Wednesday, August 2, 2017

Daily Corrections Clips


Trent Clark, HipHop DX

San Francisco, CA – Whether it’s making it rain in tuition money or delivering lyrical parables that mold a young audience’s mind, J. Cole has undoubtedly positioned himself to be a generational figure of civility in the current Hip Hop climate.

That semblance of character was recently enforced when Cole and several other Dreamville residents visited San Quentin State Prison in San Francisco to offer up a bit of humanity to the inmates.


Adam Ashton, The Sacramento Bee

The court order that gave Jeff Schmeling his job back at San Quentin State Prison came too late for the veteran correctional officer.

He’d been dead for two years by the time a judge ruled in his favor, holding that state officials inappropriately fired him over a missed medical test.

The waiting continues for his widow.

Michelle Hanisee, Crime Report

Politics will never exist without spin doctors. Yet, as cynical as our political system has become, recent California ballot measures sold to the public as “public safety” measures have gone beyond the pale.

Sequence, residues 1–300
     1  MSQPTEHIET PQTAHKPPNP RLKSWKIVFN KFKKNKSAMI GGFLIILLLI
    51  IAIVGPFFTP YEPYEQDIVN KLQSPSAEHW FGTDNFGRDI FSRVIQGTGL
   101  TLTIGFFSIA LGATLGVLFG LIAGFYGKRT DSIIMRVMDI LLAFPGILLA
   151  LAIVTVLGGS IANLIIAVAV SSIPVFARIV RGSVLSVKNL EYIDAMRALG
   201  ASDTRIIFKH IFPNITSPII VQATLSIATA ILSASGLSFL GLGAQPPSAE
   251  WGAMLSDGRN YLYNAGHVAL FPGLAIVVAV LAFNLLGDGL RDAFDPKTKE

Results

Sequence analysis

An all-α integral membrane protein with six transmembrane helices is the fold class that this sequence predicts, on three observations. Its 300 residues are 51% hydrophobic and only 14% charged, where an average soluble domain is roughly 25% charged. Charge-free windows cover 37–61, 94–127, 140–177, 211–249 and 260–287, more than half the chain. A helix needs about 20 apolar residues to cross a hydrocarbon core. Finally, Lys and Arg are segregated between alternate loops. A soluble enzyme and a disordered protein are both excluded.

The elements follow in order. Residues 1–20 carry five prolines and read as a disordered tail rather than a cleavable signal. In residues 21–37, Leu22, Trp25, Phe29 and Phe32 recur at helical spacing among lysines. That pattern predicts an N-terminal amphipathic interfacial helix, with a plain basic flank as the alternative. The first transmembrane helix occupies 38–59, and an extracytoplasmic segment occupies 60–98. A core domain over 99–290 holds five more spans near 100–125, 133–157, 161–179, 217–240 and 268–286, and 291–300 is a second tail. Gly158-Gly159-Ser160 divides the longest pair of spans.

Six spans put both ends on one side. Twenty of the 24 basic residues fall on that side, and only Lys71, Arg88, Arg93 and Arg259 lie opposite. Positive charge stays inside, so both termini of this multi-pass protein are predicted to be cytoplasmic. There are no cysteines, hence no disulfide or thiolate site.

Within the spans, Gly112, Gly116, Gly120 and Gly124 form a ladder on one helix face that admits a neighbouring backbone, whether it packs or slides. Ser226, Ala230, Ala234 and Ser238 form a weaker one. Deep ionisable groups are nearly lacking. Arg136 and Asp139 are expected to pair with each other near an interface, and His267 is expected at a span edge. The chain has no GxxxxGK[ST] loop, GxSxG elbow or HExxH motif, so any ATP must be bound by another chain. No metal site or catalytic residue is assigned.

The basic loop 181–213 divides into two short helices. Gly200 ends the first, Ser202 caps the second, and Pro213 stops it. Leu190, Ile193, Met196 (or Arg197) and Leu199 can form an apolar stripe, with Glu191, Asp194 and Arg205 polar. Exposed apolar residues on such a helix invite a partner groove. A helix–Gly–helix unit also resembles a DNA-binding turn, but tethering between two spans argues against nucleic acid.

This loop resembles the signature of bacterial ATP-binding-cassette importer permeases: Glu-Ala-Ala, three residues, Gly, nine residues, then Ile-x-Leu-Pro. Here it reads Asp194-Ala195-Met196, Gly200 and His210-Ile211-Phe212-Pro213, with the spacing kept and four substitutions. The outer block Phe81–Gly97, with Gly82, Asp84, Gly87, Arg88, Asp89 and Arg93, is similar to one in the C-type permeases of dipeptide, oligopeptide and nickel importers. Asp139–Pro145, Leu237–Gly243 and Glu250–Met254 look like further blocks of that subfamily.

Nearly every soft-on-crime law enacted in the last half decade included the words “safe” or “safety” in the description. No two better examples exist than Propositions 47 and 57.


Times of San Diego

In 2016, California voters approved Proposition 57, also known as “the California Parole for Non-Violent Criminals and Juvenile Court Trial Requirements Initiative,” by an overwhelming margin of 64 percent to 36 percent.

Among a number of other provisions, Proposition 57’s main objective was to increase parole chances for felons convicted of nonviolent crimes and provide them more opportunities to earn credits for good behavior.

As a voter myself, I opposed this initiative for several reasons — mainly, I was worried that it was poorly written and would create opportunities for those committed of more vicious crimes to receive an early release. I also had concerns about the effects of Proposition 57 in combination with AB 109 and Proposition 47, additional criminal justice reforms that I believe have eroded public safety.

Taina Vargas-Edmond and Richard Edmond Vargas, The Sacramento Bee

Legrante Ellis is 13 years into a 25-years-to-life sentence for credit card fraud in the amount of $442.61. Arthur Johnson, a 63-year-old Vietnam War veteran, has served more than 21 years of a 75-years-to-life sentence for residential burglary. Robert Brown, 57, has been incarcerated for 18 years for having a knife he was using as a mechanic.

These men were sentenced under California’s three-strikes law, which mandates 25 years to life for a third felony, including nonviolent ones. Proposition 36, passed in 2012, offered some relief to third-strikers convicted of nonviolent offenses, but more than 2,700 remain in prison.